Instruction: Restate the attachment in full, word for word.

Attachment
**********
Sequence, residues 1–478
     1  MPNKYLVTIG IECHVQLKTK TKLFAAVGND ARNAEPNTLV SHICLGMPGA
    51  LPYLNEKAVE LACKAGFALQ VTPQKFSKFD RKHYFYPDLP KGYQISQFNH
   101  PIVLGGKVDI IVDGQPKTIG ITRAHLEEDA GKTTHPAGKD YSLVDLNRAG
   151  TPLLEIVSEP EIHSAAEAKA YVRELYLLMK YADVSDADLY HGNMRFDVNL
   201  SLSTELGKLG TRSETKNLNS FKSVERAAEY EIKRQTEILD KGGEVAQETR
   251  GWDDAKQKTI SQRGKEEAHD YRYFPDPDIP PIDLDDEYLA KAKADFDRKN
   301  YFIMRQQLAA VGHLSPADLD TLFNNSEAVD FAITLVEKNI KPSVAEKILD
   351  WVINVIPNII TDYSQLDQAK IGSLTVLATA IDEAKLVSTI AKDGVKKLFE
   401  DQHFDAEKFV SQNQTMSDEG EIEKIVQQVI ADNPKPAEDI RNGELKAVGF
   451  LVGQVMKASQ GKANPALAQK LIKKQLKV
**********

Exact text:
Sequence, residues 1–478
     1  MPNKYLVTIG IECHVQLKTK TKLFAAVGND ARNAEPNTLV SHICLGMPGA
    51  LPYLNEKAVE LACKAGFALQ VTPQKFSKFD RKHYFYPDLP KGYQISQFNH
   101  PIVLGGKVDI IVDGQPKTIG ITRAHLEEDA GKTTHPAGKD YSLVDLNRAG
   151  TPLLEIVSEP EIHSAAEAKA YVRELYLLMK YADVSDADLY HGNMRFDVNL
   201  SLSTELGKLG TRSETKNLNS FKSVERAAEY EIKRQTEILD KGGEVAQETR
   251  GWDDAKQKTI SQRGKEEAHD YRYFPDPDIP PIDLDDEYLA KAKADFDRKN
   301  YFIMRQQLAA VGHLSPADLD TLFNNSEAVD FAITLVEKNI KPSVAEKILD
   351  WVINVIPNII TDYSQLDQAK IGSLTVLATA IDEAKLVSTI AKDGVKKLFE
   401  DQHFDAEKFV SQNQTMSDEG EIEKIVQQVI ADNPKPAEDI RNGELKAVGF
   451  LVGQVMKASQ GKANPALAQK LIKKQLKV